The new employee must not actively work on the file . . . . In fact, the files should be physically segregated from the employee to avoid both intentional and inadvertent access to them by the employee. The employee should be instructed not to access these files or discuss the files or any related matters with other members of the firm. In addition, other employees of the firm should be instructed: (1) not to discuss these files or related matters in the employee’s presence; (2) not to allow the employee to review related documents or materials; and (3) not to receive any information from the employee regarding these files.16
If the law firm implements an appropriate screening program, its employment of the investigator should not create an ethical dilemma in cases where the investigator will not be called as a witness for the State.
Conclusion: To avoid violating the Rules of Professional Conduct, a law firm must not represent defendants in cases in which the investigator may be called as a State witness. In addition, in matters in which the investigator will not be a State witness, the law firm must screen the investigator from participation in any matter in which the investigator had substantial, personal involvement for the State.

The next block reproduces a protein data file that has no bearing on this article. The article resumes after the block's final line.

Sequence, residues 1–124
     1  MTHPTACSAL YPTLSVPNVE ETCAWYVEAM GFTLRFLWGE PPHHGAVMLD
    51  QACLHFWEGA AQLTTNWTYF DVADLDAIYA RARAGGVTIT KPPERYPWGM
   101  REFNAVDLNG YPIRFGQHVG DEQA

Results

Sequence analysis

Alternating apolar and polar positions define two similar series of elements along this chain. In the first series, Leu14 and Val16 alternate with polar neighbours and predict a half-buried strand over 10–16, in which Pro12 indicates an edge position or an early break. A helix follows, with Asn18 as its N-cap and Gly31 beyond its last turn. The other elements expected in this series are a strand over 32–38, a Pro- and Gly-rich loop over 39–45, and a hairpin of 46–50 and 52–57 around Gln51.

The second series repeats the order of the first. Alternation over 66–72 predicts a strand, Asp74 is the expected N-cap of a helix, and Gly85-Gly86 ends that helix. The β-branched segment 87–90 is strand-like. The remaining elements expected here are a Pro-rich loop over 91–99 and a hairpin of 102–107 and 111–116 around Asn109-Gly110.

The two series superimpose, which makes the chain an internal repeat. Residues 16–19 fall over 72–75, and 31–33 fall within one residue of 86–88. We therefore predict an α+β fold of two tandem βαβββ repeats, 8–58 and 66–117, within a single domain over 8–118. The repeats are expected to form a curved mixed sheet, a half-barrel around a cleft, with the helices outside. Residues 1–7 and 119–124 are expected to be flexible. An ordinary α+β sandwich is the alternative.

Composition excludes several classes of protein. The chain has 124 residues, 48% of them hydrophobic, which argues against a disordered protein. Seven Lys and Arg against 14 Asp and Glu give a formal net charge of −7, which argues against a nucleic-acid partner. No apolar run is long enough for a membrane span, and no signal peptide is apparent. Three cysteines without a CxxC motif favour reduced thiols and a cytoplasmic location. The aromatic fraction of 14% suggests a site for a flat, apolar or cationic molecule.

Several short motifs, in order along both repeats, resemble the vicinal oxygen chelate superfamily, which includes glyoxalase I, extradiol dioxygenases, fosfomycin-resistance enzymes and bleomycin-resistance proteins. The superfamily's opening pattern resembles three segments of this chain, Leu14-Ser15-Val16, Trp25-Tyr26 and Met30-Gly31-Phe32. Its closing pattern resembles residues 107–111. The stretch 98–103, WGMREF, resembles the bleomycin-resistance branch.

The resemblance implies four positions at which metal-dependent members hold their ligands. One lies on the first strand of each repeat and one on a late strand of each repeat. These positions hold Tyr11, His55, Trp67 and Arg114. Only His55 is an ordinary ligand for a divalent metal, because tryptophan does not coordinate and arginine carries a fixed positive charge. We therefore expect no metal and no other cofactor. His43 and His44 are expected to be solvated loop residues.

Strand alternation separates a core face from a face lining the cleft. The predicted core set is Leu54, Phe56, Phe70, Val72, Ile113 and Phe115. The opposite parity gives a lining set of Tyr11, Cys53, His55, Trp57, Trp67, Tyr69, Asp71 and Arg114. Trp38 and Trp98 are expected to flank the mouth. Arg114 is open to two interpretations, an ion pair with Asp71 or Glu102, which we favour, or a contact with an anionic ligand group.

Footnotes
1.The question was originally posed to the Committee in the context of a criminal defense firm funded by outside private and public entities. The analysis of this Opinion applies equally well to any law firm (or sole practitioner, for that matter).
2.Utah Rules of Professional Conduct 1.7 cmt.
3.Rule 3.7(b) permits a lawyer to act as an advocate in a matter where a member of the lawyer’s firm will be a witness, unless Rule 1.7 bars such a representation. Rule 1.7 would bar the representation where a substantial conflict exists between the witness’s testimony and the client’s position. Rule 3.7 cmt.